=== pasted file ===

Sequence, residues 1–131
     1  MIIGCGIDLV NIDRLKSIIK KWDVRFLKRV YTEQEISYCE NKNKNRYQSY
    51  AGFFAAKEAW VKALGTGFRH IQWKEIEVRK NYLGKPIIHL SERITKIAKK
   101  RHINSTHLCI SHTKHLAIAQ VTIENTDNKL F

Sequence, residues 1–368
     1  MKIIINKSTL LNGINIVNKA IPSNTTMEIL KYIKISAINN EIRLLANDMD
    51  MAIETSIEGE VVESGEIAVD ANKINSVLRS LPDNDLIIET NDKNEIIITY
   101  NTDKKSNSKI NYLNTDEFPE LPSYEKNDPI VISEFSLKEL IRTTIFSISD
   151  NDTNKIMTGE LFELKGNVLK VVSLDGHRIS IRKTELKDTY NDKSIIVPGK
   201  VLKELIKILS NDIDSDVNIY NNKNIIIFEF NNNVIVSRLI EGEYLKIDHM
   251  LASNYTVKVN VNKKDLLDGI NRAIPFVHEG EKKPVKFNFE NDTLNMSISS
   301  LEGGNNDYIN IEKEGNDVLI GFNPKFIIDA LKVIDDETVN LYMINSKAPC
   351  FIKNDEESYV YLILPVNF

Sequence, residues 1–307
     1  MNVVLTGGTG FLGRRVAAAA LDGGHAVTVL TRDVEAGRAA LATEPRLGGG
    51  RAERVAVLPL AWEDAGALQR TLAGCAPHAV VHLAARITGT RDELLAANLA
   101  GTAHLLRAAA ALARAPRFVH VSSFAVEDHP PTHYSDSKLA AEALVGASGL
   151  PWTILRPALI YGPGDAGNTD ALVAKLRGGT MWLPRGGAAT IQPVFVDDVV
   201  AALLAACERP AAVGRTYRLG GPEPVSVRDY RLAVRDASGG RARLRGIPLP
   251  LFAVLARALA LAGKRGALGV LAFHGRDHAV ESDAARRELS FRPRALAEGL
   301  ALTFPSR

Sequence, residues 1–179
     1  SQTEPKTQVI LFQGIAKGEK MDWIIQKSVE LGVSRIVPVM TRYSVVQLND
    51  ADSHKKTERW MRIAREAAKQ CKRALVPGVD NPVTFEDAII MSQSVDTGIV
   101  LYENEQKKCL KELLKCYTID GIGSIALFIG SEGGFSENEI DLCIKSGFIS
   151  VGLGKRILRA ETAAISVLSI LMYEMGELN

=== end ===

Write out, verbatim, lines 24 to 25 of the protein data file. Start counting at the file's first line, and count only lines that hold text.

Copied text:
    51  ADSHKKTERW MRIAREAAKQ CKRALVPGVD NPVTFEDAII MSQSVDTGIV
   101  LYENEQKKCL KELLKCYTID GIGSIALFIG SEGGFSENEI DLCIKSGFIS